Voll im Plan – weniger Stress durch Zeitmanagement

Katja Mayer 16.04.2012
Do you know the feeling? At the beginning of the semester, it seems as though you have plenty of time to complete all of your jobs quite comfortably – but toward the end, time just keeps getting tighter. So tight that your friends have to cancel plans with you for weeks and you end up burning the midnight oil and looking like a zombie once you have managed to struggle your way through your workload.

​Of course, most of the time you do manage to get everything done in time and perhaps you’re even one of those people who performs best under pressure. But if you start doubting that you’re really taking the best course of action, you should consider making a change – and read on about time management...

Zeitmanagement im Studium

In fact, with a little bit of planning it’s actually quite easy to complete all tasks calmly and confidently. Calmly, because you don’t have so much to do every day that you have to work yourself to the point of exhaustion. Confidently, because you will be in control of your own time and on top of your tasks instead of feeling panicked and rushed by deadlines.

This will also have positive side effects: You will live a healthier life, be more fun around friends and family – and, generally speaking, you will achieve better grades. We would like to present you with a few tools and methods to help you organize your time in the best possible way:

The Alpen method

The Alpen method got its name because the first letters of the five steps spell out the word A – L – P – E – N. This method provides you with a basic principle to plan and structure your workload:

  1. Add the activities to your calendar: You can no longer forget what you have put down in writing. And don’t just write it anywhere, put it in your calendar. There are many electronic calendars you can use for this ­– such as the one included in your e-mail program. Get your computer to remind you of deadlines in good time – the bigger the task, the earlier the reminder.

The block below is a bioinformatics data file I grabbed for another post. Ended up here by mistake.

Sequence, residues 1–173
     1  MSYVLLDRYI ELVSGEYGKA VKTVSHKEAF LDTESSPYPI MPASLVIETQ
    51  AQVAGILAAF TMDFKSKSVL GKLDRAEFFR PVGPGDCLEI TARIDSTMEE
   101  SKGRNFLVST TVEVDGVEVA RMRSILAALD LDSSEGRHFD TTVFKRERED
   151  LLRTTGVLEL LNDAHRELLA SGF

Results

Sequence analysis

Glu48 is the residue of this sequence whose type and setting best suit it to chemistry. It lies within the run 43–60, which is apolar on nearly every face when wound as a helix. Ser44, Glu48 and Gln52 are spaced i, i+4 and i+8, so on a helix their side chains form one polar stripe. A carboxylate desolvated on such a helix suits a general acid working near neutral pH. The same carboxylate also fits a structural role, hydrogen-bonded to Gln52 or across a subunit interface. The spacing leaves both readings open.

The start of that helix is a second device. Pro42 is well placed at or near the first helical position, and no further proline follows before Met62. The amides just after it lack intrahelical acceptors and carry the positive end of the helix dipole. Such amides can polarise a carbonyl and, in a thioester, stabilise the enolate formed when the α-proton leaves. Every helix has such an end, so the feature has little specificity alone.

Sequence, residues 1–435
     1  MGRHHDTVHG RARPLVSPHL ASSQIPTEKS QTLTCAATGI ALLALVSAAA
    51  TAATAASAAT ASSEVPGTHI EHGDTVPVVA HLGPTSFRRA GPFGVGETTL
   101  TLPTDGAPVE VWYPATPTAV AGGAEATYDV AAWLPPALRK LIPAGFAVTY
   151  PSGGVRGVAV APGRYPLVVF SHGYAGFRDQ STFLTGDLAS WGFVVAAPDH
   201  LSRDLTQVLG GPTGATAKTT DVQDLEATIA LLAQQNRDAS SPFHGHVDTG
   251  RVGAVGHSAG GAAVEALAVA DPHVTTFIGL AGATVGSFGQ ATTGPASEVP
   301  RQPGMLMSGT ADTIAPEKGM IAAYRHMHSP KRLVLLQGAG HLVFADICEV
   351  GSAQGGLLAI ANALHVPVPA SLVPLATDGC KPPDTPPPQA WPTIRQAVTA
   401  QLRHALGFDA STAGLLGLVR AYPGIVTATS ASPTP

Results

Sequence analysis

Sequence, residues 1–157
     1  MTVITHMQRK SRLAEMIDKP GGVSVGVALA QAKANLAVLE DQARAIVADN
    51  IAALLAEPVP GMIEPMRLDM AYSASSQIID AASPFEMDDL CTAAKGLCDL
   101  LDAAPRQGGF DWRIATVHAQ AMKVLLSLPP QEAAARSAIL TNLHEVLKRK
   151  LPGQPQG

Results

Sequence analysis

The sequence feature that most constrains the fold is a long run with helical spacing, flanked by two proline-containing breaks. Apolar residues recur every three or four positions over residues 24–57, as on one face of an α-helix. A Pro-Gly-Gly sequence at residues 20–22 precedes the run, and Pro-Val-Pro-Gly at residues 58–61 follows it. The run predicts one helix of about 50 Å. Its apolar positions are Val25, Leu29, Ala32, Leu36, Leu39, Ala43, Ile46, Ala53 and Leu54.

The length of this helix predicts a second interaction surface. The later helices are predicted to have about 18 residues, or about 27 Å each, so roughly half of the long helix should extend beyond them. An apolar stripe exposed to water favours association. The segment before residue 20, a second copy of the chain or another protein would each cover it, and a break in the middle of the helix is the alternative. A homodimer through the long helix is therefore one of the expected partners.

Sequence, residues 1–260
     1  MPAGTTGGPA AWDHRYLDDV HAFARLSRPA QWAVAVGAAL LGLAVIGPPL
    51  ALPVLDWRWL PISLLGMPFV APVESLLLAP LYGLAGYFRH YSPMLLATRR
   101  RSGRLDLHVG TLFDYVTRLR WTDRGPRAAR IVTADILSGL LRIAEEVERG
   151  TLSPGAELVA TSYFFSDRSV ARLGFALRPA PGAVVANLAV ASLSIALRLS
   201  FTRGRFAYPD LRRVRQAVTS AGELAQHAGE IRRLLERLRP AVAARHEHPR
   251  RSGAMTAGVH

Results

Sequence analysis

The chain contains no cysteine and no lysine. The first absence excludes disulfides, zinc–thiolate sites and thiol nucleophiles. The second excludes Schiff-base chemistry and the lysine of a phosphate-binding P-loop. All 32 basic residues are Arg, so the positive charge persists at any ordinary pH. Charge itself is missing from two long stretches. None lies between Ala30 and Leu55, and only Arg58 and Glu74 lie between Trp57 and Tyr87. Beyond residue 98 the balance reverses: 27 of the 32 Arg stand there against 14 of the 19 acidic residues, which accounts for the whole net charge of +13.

2. Learn to make reasonable estimations: Realistically estimate the amount of time it will take you to complete a task and block this time slot in your calendar. This way, you’ll avoid double-booking your time. You’ll also be able to see when you’re fully-booked and find out that you may have to prepare your presentation a week in advance.
  3. Provide a buffer: More often than not, something unexpected happens. Either books are not available, reading takes longer or you get sick. If your schedule is really tight, you’ll end up in trouble – and might even fail. As a rule of thumb, 60% of your time can be scheduled for work but 40% is needed as a buffer. 
  4. Evaluate and make a decision: Put your tasks in order of priority. Not everything is equally important. Prioritize your jobs and stick to your decisions. This even means letting others know that you have to study when they ask you for something. Don’t let yourself get distracted by them (or the internet).
  5. Now review your plan: First, review your time schedule. Is it actually realistic? When working through your plan, you should keep checking to make sure you’re on schedule and that the plan fits your working speed.